There is a runaway freight train in the world of crowdfunded MMOs already this year, and it’s only May. While not in the same sort of stratosphere as games such as Star Citizen or Shroud of the Avatar, the new MMO Ashes of Creation from Intrepid Studios put up a Kickstarter seeking $750K to add to their current financials. With 19 days left in their campaign, they’ve already crushed $1.8M in funding and seem on course for cracking the $2M mark with ease.
So, what’s the secret sauce here? Why are players turning up for this project? There’s some serious pie in the sky going on here, with stretch goals listing whole new races, underwater realms, and other such resource-intensive additions to the base game.
Let’s take a look where the game came from. Intrepid Studios is happy to cite the past projects their devs have worked on, showing a deep foundation from former SOE/Daybreak folks. Those of us who were involved in the EverQuest Next community are definitely feeling the same sort of vibe, since it’s a lot of the same people and quite frankly, some of the same base concepts that EQN was going to have in order to be that next-gen MMO. There are some other notions coming into the concept that we see in other games such as ArcheAge, but Ashes of Creation is definitely taking most of its basic pages from the EQN playbook.
This can be both a good and a bad thing. The bad side of it, of course, is how EQN crashed and burned due to issues within SOE/Daybreak, so there is still plenty of skepticism from gamers who don’t really feel like getting burned again anytime soon. The good side is the fact that players still want that sort of next-gen experience, and they want it bad enough to give it a chance. There’s also the fact that certain personalities within SOE that had a hand in EQN‘s demise are quite visibly not involved in this project.
One of the things the Intrepid team has to spend some time doing is assuring the public that they’re not their predecessors, and that they actually have a plan and reasonably firm timetable to execute on their ideas. Naturally, like the runaway freight train analogy, it’s all too easy to allow for feature creep. Still, one has to wonder how fully-fledged the base game is. After all, by their own disclaimer, the Kickstarter is just for extra cash for bells and whistles, they apparently already had investor funding for creating and releasing the game. Strip away the KS goodies, and what is left? Is that a fully-realized game as they say, or would it be lacking in some fashion?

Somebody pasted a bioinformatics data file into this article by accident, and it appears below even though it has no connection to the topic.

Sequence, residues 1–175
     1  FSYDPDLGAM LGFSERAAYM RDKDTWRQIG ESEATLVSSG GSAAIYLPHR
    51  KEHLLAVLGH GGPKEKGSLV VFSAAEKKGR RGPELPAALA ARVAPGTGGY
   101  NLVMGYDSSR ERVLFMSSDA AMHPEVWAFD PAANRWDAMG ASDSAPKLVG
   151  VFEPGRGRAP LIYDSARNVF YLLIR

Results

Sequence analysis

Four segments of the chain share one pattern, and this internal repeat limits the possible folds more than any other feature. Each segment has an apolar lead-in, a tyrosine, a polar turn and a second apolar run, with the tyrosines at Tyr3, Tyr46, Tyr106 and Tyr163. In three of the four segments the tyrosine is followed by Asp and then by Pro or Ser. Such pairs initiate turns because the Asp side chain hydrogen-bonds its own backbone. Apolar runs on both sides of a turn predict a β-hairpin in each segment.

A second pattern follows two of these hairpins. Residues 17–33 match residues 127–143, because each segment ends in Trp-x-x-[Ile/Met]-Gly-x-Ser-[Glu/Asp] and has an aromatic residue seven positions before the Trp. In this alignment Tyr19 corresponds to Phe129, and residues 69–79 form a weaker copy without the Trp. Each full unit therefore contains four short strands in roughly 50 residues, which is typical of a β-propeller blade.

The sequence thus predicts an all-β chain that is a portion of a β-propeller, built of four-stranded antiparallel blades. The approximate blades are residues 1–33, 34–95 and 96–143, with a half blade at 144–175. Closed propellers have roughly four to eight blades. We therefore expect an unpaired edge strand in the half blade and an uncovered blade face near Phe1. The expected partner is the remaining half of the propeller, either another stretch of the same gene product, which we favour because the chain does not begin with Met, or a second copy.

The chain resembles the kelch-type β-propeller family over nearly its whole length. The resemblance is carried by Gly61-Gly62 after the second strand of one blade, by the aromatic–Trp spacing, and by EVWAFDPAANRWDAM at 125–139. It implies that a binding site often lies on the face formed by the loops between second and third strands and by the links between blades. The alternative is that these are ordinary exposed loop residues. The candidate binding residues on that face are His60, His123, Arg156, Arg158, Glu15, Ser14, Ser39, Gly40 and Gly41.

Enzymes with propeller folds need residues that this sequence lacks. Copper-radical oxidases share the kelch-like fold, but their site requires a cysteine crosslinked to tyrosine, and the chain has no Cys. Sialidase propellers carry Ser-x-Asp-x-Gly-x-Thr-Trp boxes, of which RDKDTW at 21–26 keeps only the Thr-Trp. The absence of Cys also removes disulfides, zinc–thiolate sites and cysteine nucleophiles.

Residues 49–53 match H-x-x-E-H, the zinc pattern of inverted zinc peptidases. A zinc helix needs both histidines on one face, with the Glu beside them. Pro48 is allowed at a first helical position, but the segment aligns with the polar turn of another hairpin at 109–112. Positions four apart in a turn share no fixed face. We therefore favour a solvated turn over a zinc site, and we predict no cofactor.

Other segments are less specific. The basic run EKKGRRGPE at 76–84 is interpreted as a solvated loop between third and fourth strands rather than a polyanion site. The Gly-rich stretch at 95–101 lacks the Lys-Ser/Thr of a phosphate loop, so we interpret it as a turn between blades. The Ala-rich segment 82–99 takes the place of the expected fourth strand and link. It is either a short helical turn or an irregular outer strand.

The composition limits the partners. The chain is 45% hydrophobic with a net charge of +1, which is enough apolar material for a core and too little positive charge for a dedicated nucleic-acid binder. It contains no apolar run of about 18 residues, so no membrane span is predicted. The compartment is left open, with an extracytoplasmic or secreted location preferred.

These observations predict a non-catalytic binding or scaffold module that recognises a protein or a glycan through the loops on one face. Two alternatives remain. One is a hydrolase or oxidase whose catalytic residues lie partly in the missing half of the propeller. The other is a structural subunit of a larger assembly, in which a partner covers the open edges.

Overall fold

You also have to consider development time. The delivery date for the pledges is December 2018, so that’s a year and half to bake. Compare that to other successful crowdfunded games such as Crowfall, which did its Kickstarter two years ago and was due to release in December 2016, but is still in some form of early access/pre-release development. There’s also Star Citizen, which has been getting repeatedly delayed since its initial release date in 2014 and is winning vaporware awards. This is a substantial public relations hurdle to overcome.
The Intrepid Studios team has been front-loading the hype train of late with thrice-weekly dev livestreams to show off new features and to promote the game. It makes sense to hype things up now while the Kickstarter is live, but we’ll have to keep an eye on it to see whether they step back and go heads-down to focus on getting the promised features out the door in the timeframe they announced, or whether they keep community engagement at a similar high. We here at MMO Central will certainly be watching this game to see if they can hold to their statements that they already had a plan to account for stretch goals being added to their dev cycle.
What’s your take on it?